However there is a technical reason why it is important that the traffic is kept moving over the bridge, ie that the traffic flow is managed to prevent congestion to the point of causing a stoppage...specifically the structural capacity of the bridge is such that the bridge could become overloaded should sufficiently dense heavy traffic volumes become stopped bumper to bumper on the bridge.

 

...

 

 

You have been misinformed.

 

There was a problem about ten years ago when it was realised that there would be a problem on the clip-on lanes if every vehicle on the two clip on lanes on one side or the other was a max-weight goods vehicle and if they all came to a halt bumper to bumper as a result of heavy congestion.

 

As an interim measure, heavy vehicles were asked to avoid the clip on lanes until the cluip on strtucture could be strengthened. That work was completed about six years ago and now there are no worries about the loading on the bridge.

 

 


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  Reply # 1987935 4-Apr-2018 05:23
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jpoc:

 

As an interim measure, heavy vehicles were asked to avoid the LEFT MOST clip on lanes until the clip on structure could be strengthened. That work was completed about six years ago and now there are no worries about the loading on the bridge.

 

 

 

 

edited for accuracy, there were signs over the bridge stating no heavy vehicles in the left lane while the work was going on.




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  Reply # 1987952 4-Apr-2018 07:39
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jpoc:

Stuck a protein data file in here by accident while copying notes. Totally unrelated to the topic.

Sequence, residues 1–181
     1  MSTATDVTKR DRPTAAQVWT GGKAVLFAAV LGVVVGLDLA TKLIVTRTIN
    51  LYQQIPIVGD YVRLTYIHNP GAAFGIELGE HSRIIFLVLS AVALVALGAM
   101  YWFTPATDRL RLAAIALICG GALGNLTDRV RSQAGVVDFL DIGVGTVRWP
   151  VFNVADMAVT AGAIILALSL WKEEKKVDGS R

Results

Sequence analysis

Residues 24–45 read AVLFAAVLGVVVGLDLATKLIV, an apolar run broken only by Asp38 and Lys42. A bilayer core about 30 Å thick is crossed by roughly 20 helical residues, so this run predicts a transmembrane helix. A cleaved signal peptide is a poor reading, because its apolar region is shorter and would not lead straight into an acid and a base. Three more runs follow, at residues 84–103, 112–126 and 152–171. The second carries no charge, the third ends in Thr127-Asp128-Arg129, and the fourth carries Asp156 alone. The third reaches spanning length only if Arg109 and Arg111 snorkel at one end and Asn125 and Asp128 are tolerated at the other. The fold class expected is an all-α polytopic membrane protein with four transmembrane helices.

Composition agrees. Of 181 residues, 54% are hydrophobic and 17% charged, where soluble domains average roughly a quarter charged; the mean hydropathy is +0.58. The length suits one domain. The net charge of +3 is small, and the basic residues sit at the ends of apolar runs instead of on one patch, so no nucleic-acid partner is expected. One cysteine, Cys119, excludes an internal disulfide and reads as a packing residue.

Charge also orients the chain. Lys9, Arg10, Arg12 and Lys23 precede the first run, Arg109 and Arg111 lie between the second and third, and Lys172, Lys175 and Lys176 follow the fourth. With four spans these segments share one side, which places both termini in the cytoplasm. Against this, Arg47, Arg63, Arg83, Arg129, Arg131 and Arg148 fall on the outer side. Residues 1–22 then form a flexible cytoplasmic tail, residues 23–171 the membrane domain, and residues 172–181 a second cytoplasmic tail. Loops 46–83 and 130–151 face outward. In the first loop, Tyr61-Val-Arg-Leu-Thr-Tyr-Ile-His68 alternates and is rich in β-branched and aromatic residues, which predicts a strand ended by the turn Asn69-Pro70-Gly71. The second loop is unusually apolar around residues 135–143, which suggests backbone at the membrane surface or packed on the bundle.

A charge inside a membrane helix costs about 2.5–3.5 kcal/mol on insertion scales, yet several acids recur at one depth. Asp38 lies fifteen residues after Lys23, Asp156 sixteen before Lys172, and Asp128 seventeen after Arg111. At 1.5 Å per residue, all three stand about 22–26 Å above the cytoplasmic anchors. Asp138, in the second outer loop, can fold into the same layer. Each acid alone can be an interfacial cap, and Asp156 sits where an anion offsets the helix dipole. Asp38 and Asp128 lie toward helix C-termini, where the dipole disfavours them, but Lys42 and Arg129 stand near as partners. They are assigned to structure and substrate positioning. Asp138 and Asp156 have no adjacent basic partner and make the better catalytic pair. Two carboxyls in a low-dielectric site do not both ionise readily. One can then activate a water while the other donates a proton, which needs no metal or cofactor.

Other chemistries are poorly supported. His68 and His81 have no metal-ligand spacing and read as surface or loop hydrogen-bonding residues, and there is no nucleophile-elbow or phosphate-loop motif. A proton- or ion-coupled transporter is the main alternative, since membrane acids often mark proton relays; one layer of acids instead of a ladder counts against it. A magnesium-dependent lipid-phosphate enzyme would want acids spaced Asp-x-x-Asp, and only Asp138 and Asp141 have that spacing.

FireEngine:

 

...

 

Why? The bridge is fed by a max of 4 lanes both North and South, they act as choke points so having 5 lanes in the priority direction on the bridge itself is of no benefit.

 

...

 

 

What?

 

A max of 4 lanes both North and South?

 

Where do you get that?

 

I cannot see how anyone who is at all familiar with the bridge and its environs can possibly make such an inaccurate claim.

 

Let's see if we can count the lanes and see how good a figure four is.

 

Heading South from the North side of the bridge.

 

SH1 has three lanes of traffic just before the Onewa Road junction.

 

Then directly to the South of the bottom of Onewa Road, SH1 is joined by three more lanes of traffic. One is carrying traffic from Onewa Road onto SH1 going South. Then there is the Onewa Road bus lane and finally the Northern expressway. The expressway and the Onewa bus lane merge into each other a few metres before the Onewa Rd on-ramp joins alongside SH1 and then the combined bus lane merges into the lane formed by the Onewa Road on-ramp. At the same time, a new lane opens up to the right so that traffic can move over to make space for the three lanes (the two bus lanes and the Onewa Road on-ramp) that are forced into one. The net effect there is that six lanes of traffic merge into five shortly before the bridge.

 

So what about the other direction heading North?

 

Two lanes leave spaghetti junction heading towards the bridge.